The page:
By next summer, Mount
Pleasant residents can take advantage of MUSC's patient-centered
medical office complex opening in what's being called the community's
The building, located on
Hungryneck Boulevard just off Hwy. 17 is the first facility in the
Central Mount Pleasant Development and eventually will be one of many
in the commercial, retail and residential development. The facility
will house numerous MUSC specialities in one location.
The physician group at
MUSC, University Medical Associates, is funding the project from its
clinical services revenue and no taxpayer dollars will be used for the
"This is an exciting time
for MUSC," said Vice President for Medical Affairs and College of
Medicine Dean Etta Pisano, M.D.
"Our new facility will
allow us to improve our service to the community and enhance our
ability to deliver high-quality and convenient care to our patients."
rendering of Mount Pleasant's MUSC Health-Specialty Care East. The MUSC
facility will be the first building in the Central Mt. Pleasant
Development, off of Hungryneck Boulevard, and is scheduled to open in
The 80,000 square foot
facility will house MUSC physicians from a variety of medical and
surgical specialties. In addition to consolidating most of MUSC's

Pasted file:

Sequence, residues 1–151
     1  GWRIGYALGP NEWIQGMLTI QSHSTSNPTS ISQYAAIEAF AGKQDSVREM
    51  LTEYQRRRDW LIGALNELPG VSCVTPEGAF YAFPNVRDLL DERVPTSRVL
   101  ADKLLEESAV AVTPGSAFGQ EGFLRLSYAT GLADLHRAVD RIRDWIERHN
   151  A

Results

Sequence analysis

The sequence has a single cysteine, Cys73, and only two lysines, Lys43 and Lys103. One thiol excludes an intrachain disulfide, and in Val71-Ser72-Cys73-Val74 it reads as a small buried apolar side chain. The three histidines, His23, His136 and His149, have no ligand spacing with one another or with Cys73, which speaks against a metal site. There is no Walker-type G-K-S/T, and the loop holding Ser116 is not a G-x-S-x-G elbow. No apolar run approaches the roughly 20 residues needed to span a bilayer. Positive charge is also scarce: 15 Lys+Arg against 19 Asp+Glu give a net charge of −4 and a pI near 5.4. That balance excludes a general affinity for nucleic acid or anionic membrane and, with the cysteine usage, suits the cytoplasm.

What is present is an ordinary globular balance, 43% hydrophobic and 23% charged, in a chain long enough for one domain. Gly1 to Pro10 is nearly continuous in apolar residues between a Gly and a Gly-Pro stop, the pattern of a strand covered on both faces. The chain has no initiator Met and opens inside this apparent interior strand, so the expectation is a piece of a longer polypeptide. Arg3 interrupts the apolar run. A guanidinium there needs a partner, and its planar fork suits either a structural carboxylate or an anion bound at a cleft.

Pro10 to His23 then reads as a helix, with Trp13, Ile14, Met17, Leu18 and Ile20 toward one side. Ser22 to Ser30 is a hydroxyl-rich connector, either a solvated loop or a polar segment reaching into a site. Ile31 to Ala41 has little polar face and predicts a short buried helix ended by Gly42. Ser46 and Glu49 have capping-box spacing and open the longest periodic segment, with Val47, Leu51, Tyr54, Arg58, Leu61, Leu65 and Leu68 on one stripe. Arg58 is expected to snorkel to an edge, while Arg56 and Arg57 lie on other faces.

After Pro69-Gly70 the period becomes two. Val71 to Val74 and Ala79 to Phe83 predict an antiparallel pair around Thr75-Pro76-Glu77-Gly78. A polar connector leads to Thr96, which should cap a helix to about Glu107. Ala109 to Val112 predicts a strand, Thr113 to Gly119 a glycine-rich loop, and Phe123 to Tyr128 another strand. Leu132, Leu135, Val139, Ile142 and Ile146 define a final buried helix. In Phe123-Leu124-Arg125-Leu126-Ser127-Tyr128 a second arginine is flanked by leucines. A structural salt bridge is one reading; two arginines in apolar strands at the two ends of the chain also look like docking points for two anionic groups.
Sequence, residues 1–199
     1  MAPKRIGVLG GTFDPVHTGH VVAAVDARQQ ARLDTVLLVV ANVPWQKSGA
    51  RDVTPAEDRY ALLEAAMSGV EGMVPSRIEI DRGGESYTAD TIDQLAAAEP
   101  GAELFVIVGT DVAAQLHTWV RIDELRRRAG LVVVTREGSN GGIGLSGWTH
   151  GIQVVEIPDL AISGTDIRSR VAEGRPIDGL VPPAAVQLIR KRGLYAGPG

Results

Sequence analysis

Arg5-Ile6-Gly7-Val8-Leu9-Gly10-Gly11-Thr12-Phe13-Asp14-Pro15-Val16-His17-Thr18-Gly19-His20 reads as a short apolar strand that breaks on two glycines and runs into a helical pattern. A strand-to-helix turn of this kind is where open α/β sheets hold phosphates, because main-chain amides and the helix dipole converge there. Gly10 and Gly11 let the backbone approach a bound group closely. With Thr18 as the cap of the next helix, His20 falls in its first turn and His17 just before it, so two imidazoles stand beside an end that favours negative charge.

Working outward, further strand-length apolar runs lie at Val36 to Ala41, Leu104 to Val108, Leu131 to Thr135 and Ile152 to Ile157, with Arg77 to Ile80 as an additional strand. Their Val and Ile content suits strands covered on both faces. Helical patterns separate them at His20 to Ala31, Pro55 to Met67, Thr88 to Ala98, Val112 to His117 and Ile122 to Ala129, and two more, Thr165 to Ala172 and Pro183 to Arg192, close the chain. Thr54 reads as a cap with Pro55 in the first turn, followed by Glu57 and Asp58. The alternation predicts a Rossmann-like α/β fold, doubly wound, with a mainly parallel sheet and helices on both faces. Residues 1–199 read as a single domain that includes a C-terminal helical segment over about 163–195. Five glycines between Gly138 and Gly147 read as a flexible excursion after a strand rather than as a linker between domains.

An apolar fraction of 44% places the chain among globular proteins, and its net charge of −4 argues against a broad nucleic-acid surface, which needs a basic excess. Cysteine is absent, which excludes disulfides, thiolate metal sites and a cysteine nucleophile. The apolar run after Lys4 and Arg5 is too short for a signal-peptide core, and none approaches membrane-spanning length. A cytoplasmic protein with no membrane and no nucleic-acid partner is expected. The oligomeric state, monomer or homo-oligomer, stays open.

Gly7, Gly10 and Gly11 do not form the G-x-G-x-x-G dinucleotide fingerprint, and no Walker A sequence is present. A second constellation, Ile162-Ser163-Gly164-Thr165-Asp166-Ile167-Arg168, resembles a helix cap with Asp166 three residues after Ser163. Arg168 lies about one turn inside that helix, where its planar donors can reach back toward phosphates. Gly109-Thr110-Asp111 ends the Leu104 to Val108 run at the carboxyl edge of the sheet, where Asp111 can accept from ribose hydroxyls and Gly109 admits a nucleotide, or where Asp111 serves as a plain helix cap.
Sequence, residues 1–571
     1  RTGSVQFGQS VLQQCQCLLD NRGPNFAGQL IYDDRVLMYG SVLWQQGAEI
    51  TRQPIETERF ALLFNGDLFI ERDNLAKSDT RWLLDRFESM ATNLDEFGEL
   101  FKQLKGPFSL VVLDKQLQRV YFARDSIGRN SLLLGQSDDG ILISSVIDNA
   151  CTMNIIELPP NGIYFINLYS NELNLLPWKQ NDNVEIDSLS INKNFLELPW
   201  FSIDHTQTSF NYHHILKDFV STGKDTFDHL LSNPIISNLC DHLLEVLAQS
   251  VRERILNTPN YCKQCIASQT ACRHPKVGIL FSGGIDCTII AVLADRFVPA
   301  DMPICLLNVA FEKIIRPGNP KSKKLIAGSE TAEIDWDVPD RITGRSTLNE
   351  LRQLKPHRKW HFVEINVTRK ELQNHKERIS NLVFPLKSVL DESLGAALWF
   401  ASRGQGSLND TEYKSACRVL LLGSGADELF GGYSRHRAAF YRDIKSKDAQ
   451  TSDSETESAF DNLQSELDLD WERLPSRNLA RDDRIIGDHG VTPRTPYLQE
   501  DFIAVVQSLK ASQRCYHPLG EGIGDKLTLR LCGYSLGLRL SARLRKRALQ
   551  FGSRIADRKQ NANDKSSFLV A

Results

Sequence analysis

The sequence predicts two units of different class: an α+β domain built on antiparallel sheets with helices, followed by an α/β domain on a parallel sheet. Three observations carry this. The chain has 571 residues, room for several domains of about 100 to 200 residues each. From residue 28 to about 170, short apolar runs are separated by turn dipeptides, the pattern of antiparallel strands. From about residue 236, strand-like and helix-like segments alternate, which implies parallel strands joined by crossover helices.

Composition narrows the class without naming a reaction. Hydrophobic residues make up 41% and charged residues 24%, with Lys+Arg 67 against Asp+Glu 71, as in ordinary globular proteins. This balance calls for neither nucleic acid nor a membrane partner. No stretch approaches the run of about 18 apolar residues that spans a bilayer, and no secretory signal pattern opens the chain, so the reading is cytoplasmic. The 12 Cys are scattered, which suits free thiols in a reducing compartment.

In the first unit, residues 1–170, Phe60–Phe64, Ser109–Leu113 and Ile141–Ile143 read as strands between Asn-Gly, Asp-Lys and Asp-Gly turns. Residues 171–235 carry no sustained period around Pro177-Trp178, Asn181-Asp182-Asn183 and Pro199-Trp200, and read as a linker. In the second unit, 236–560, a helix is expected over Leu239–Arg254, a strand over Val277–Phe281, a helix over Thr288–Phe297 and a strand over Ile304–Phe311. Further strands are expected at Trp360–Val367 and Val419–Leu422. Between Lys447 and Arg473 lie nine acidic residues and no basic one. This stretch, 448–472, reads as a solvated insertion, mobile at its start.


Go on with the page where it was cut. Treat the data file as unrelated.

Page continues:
existing Mount Pleasant practices in one location and allowing for
growth, the building's design can also accommodate new services.
According to Howard Evert,
M.D., medical director for the project, "We have included many features
designed to create a patient-centered and healing environment, and an
environment where patient care can be coordinated efficiently and
logically. From the rooftop healing garden and atrium courtyard to the
community room, we believe the patient experience will be exceptional."
The facility was also
designed to meet Leadership in Energy and Environmental Design
certification, which is awarded to structures built to meet a set of
environmentally-conscious and energy saving standards. The building
shell has been strengthened to make it highly resistant to damage from
hurricanes and earthquakes.
"With its own emergency
power system, this building could serve as MUSC's 'fall-back' facility
should a devastating disaster strike our community," Evert said.